O'Reilly Network Safari Bookshelf
Stay in the IT racket long enough, and eventually your bookshelves will sag from all the technical reference books collected along the way. Publisher O'Reilly Media Inc. of Sebastopol, Calif., working with Pearson Technology Group of New York, may have a better solution: Keep those books online.
O'Reilly's Safari service offers online access to about 2,300 technical books, not only from O'Reilly itself (many highly regarded by the hacker community) but also from other publishers such as Addison-Wesley and Microsoft Press.
The books are encoded in HTML and include the code sample, illustrations and screenshots found in the print editions. Users pay a monthly fee for access to a set number of books, ranging from five titles for $9.99 a month to 30 for $29.99. Group licenses are also available. For an extra $5 a month, you can download in Adobe Portable Document Format for printing. You can also print the HTML pages, though they aren't formatted as nicely.
Why is Safari useful? The average Unix sysadmin probably consults a well-thumbed copy of UNIX in a Nutshell month after month. But someone dealing with a shifting set of technologies could consult multiple new titles at a fraction of the cost of a new book.
Safari's bookshelf leans heavily toward networking, programming, security and database administration titles, with lots of virtual volumes on Java, Oracle and various open-source programs such as Apache.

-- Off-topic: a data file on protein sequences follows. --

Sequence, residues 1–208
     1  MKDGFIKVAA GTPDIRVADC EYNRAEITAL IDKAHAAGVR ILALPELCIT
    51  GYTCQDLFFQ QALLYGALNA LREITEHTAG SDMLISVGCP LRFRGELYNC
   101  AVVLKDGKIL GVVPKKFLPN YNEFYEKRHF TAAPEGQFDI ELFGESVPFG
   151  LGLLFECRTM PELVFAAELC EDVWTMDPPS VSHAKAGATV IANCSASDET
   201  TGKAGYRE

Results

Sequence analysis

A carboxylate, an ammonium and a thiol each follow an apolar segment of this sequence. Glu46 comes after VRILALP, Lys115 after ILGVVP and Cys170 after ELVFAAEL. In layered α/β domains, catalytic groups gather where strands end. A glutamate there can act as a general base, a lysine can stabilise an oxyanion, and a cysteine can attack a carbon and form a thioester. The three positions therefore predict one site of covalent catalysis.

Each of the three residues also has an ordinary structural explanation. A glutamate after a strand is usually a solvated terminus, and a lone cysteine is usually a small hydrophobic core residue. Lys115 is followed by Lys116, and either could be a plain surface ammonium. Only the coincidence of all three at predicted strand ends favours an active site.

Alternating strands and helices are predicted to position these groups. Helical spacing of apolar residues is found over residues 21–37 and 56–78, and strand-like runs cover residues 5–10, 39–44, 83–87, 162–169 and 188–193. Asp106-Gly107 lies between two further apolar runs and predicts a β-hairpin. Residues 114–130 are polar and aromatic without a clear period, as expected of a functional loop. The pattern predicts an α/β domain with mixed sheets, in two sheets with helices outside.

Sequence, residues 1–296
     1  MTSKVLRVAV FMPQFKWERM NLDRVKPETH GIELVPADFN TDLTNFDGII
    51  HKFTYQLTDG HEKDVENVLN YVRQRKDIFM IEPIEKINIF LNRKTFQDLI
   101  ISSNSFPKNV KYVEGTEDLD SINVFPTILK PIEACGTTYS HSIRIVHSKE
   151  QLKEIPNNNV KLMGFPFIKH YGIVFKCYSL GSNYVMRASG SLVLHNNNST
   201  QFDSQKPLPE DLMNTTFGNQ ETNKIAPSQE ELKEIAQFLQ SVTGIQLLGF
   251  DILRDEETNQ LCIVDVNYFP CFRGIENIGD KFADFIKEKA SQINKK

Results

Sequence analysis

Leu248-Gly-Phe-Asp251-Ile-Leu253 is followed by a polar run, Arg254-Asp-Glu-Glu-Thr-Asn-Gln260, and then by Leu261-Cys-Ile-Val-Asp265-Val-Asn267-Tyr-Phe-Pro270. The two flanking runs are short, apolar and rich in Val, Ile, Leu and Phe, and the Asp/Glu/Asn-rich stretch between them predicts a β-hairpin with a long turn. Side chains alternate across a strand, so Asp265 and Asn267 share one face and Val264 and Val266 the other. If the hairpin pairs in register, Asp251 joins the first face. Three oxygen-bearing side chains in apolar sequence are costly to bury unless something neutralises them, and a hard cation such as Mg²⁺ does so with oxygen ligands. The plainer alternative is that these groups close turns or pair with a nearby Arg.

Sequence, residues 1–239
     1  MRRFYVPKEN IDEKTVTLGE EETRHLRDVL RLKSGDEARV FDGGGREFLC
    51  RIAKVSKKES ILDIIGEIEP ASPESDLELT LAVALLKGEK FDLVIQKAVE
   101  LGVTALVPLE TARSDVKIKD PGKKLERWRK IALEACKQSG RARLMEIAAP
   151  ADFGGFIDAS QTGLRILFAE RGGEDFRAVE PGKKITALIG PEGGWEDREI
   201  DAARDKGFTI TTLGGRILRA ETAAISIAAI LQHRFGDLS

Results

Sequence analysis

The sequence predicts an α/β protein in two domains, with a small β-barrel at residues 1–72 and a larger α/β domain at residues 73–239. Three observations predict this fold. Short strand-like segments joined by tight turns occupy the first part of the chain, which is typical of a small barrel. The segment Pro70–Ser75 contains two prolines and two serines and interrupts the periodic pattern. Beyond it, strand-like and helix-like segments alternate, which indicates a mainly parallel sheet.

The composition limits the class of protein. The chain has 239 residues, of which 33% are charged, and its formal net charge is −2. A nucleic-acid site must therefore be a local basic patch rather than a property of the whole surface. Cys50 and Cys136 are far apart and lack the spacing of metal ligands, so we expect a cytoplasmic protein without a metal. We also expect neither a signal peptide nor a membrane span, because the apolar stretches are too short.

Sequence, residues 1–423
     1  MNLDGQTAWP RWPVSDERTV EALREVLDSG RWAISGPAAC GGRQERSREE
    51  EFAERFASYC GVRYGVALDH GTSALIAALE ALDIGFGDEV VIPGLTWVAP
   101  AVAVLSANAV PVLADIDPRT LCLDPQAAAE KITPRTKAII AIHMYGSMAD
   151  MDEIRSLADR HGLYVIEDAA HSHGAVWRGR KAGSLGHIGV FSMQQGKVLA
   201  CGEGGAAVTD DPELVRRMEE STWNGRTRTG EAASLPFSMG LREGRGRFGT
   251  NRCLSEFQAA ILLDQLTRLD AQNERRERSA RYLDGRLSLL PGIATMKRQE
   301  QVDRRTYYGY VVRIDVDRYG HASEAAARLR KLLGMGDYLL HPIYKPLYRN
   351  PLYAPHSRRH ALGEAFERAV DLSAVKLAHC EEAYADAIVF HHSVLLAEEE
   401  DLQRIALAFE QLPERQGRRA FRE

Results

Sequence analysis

A few management titles can be found, as well as a number on specific end-user applications such as Microsoft Office. While the software side of IT is thoroughly covered, I'd wish for more books on hardware, especially on electronics, fiber optics and chip design. Another wish: to swap books as frequently as I want. Now, once you 'purchase' a title, it stays in your collection for 30 days before you can exchange it.
The Safari site search feature lets you query either your own books or all the books in the catalogue. It can search only the code snippets included in many programming books, which is handy for finding a quick fix to a nagging problem.
The site provides a preview mode, where you can look at the first few paragraphs of each section of a book to decide if it meets your needs. And, perhaps best of all, since Safari is a Web service, you can access your collection from anywhere: no more lugging that 1,300 page Oracle manual home for weekend study.